Ending workplace racial discrimination is part of the struggle for justice

On Behalf of | Jun 10, 2020 | Racial Discrimination

In the wake of the death of George Floyd while in police custody, protesters have for days taken to the streets of Milwaukee and other major American cities to demand an end to racial injustice. The strength in numbers and the persistence of the protesters has prompted a number of companies to declare solidarity with the Black Lives Matter movement and vow to improve diversity and end racial discrimination in the workplace.

A recent Forbes column by Maia Niguel Hoskin argues that a combination of “antiblack racism in the workforce,” the devastating impact of the coronavirus pandemic on the African American community and the deaths of Floyd, Breonna Taylor and Ahmaud Arbery contribute to racial battle fatigue (RBF).

Hoskin says RBF is a term coined by race theorist William Smith more than a decade ago to describe the experiences and stress of African American men encountering racism in predominantly white institutions. She writes that RBF has a broader application, however, and that it applies “to the experiences and responses of all people of color in America who are exposed to racism.”

She points out that studies show that long-term exposure to racism and discrimination has psychological and physical repercussions such as increased depression, anxiety, insomnia, high blood pressure, heart problems and more. She adds that the “novel coronavirus has proven to be a significant source of stress and anxiety for the black community” as well.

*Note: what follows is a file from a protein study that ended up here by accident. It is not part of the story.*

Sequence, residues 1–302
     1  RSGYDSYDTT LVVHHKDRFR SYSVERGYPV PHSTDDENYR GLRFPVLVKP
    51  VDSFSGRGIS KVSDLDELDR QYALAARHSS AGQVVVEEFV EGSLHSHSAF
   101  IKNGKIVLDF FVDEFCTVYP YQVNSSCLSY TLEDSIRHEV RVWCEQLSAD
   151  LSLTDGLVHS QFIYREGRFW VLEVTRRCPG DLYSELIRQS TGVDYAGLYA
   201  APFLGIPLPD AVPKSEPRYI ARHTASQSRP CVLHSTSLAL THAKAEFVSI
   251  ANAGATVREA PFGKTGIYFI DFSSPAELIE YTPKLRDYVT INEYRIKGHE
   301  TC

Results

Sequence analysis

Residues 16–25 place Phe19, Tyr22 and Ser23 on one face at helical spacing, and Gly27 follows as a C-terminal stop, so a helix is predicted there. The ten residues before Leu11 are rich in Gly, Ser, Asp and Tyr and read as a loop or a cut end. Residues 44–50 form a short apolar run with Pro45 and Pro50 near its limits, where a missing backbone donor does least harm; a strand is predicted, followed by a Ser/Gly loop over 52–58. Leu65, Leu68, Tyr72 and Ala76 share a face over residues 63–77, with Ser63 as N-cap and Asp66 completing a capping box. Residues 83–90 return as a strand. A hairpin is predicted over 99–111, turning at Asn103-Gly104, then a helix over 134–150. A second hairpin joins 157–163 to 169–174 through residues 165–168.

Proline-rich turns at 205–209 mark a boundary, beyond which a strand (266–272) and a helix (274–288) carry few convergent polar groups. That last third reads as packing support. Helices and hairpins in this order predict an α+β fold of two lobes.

Hoskins writes that “(m)any black workers enter their place of employment carrying an overwhelming weight associated with being exposed to anti-black racism and discrimination” and that this is also a source of significant stress.

As we have noted before here in our blog, studies have shown that African Americans report a 60 percent higher rate of workplace discrimination than whites and that black employees account for 26 percent of claims filed with the Equal Employment Opportunity Commission, though African Americans are only 13 percent of the total U.S. workforce.

The struggle for equality has been long and difficult. Though the battle is far from over, today’s passion and determination has brought victory closer than ever.

The Milwaukee employment law office of Alan C. Olson and Associates has for decades been proud to stand beside and fight for victims of workplace racial discrimination. Please let us know if we can be of help to you.


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